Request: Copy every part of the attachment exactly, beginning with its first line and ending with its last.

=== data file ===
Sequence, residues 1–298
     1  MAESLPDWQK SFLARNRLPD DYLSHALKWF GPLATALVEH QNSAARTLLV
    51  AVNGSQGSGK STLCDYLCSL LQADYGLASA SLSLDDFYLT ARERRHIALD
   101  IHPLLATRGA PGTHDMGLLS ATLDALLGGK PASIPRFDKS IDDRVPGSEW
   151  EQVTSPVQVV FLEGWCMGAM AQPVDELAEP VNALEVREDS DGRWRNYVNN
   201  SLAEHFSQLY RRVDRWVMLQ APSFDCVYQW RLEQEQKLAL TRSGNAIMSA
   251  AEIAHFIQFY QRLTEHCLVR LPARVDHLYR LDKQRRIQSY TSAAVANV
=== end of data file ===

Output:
Sequence, residues 1–298
     1  MAESLPDWQK SFLARNRLPD DYLSHALKWF GPLATALVEH QNSAARTLLV
    51  AVNGSQGSGK STLCDYLCSL LQADYGLASA SLSLDDFYLT ARERRHIALD
   101  IHPLLATRGA PGTHDMGLLS ATLDALLGGK PASIPRFDKS IDDRVPGSEW
   151  EQVTSPVQVV FLEGWCMGAM AQPVDELAEP VNALEVREDS DGRWRNYVNN
   201  SLAEHFSQLY RRVDRWVMLQ APSFDCVYQW RLEQEQKLAL TRSGNAIMSA
   251  AEIAHFIQFY QRLTEHCLVR LPARVDHLYR LDKQRRIQSY TSAAVANV